God gave YOU this book to write. If you followed His guidance, He is honored in this book. He approves. It doesn’t matter if no one else does.

The toughest lesson I’ve had to learn about reviews is that just because my books include portrayals of sin or triggering scenes (sins portrayed in a negative light; triggering scenes to be more relatable, or for teaching purposes), it doesn’t mean my books aren’t “Christian” enough for featuring negative content. If the books rely on, and accurately depict, biblical truths, and honor God, they’re Christian enough. No matter what anyone says about the book based on their personal brand of Christianity.

Reading can be subjective. And some readers just miss the point you’re trying to make.

If you were to go to the library right now and pick up a book on politics written by someone who is in a party you don’t agree with, it would most likely be difficult to read the book with an open mind if you have a strong set of beliefs that coincide with the book’s opposition. Similarly, though the Bible should be read objectively, humans have a way of interpreting its material subjectively, allowing their raising, denomination, and even political preferences to give them a point-of-view of the Bible that may not be 100% accurate according to the literal Word.

If a reader goes into your book with a set of constructed beliefs, and your book challenges those beliefs, they may get so caught up on how the two of you could have interpreted the Bible so differently that they miss the entire point of the book. The best example I can give is that some readers think some topics are too taboo to talk about (i.e. cheating, divorce, suicide, depression, etc.) and automatically dismiss a book for mentioning those, even if the book uses that perceived “negative” content to show how God can intervene and aid characters through hard times.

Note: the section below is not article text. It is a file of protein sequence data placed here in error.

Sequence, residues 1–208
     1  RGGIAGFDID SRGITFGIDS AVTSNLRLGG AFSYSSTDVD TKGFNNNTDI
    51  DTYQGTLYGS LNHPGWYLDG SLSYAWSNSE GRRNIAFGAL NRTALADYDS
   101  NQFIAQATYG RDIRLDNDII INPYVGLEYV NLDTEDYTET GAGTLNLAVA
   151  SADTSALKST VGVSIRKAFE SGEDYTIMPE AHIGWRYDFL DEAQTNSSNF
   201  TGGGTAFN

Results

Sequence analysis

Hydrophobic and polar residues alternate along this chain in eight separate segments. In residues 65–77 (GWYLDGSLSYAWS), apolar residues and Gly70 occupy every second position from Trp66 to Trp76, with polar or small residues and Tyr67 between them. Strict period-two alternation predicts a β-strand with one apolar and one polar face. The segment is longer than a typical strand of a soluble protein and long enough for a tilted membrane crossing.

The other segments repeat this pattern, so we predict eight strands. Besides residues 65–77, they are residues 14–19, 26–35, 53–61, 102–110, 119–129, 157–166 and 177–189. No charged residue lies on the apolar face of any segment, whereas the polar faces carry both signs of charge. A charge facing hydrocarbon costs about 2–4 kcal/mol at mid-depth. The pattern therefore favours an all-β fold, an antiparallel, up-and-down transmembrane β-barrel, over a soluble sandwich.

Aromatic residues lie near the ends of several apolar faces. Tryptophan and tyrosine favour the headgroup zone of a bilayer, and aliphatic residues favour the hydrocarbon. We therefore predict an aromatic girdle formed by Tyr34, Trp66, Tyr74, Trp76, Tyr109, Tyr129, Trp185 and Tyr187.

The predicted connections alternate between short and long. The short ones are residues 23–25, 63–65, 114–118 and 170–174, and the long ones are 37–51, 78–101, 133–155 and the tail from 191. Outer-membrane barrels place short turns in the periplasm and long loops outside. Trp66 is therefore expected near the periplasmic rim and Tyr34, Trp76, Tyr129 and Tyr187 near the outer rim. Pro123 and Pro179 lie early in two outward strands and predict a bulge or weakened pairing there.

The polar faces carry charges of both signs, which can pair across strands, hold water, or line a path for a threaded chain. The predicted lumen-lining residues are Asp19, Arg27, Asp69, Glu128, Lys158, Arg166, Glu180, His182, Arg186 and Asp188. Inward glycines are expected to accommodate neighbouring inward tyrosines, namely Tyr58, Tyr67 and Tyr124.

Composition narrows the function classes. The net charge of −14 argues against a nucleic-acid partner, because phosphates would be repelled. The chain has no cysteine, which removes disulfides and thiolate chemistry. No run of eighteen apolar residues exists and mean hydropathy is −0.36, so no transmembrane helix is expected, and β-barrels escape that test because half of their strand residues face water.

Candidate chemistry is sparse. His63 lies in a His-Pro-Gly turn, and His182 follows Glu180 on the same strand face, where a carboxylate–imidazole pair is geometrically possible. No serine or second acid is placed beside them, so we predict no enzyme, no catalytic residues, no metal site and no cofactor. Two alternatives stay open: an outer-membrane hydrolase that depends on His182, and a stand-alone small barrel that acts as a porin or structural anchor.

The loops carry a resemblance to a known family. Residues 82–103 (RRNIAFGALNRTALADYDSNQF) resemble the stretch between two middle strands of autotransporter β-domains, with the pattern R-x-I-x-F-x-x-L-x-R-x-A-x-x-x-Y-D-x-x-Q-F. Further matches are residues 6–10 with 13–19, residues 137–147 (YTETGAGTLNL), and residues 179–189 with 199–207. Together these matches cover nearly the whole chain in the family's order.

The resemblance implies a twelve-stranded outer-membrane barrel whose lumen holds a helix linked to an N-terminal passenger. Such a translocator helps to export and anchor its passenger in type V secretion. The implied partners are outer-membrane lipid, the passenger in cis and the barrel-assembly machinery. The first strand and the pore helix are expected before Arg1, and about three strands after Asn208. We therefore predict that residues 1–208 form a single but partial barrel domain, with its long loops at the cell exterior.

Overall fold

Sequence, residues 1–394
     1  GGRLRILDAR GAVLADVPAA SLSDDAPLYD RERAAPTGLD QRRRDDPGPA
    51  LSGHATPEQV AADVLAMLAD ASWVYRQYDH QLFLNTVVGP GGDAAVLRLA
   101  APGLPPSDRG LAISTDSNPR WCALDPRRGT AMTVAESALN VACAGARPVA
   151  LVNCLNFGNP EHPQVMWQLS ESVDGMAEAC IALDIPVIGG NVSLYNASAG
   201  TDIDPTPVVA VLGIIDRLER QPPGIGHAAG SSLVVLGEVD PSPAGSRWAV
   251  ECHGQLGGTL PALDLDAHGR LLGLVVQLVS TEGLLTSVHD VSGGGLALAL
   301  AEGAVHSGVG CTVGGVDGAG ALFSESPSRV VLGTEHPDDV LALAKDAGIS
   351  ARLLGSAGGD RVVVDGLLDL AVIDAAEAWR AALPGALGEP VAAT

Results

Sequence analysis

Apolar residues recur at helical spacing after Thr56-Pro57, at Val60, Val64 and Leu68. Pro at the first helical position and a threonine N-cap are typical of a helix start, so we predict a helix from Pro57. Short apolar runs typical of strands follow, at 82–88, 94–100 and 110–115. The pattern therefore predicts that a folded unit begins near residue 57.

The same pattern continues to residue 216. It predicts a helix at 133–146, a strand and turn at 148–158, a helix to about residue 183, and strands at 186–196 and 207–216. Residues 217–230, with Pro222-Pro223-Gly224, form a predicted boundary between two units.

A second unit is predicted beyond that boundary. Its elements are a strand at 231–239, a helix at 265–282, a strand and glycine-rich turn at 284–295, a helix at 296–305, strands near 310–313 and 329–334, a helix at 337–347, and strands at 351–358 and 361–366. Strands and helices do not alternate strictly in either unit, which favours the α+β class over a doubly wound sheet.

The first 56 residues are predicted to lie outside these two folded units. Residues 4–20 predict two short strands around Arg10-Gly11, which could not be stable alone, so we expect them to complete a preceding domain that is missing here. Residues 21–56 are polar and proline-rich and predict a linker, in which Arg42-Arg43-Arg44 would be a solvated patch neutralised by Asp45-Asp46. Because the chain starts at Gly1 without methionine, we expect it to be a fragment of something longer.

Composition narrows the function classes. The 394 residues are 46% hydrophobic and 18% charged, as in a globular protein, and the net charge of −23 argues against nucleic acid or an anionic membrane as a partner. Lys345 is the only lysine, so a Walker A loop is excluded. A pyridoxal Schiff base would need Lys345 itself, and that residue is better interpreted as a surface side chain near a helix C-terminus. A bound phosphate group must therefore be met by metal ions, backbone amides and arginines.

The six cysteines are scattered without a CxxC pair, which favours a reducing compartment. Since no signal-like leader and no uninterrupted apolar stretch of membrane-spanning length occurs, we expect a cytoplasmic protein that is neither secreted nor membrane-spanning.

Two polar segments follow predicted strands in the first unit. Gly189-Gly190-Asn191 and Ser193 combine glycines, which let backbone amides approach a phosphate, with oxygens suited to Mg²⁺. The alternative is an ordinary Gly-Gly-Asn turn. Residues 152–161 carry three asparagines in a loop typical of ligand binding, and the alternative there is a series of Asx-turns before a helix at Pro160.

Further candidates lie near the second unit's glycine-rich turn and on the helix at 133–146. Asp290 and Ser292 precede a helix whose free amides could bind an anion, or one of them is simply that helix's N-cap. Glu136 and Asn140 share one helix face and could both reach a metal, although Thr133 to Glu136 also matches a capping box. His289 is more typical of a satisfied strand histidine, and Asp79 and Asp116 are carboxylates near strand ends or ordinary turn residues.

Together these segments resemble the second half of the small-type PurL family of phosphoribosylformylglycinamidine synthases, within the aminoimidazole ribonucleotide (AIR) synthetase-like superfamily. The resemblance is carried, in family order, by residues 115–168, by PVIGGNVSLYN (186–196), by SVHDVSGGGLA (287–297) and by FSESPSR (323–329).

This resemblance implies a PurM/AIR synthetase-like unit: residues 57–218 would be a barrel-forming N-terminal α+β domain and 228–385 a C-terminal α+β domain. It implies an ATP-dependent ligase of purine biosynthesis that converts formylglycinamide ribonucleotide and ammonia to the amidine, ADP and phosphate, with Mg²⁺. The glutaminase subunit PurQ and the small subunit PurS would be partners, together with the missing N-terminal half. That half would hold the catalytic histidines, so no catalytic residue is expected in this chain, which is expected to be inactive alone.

Some readers get so caught up on the “dos and don’ts” in the Bible that they spend more time worrying about the “dos and don’ts” listed in books, and they fail to realize the book is using “negative” content to share a positive light, just like the Bible does in the majority of its stories. Some may even go so far as to say the book is not Christian and will dissuade others from reading it, which can be tough to endure, if we allow it to get to us. But just keep in mind the fact that if you are objectively portraying biblical truths in the story, God is with you and can use the book no matter what anyone says. God is our judge, not other Christians.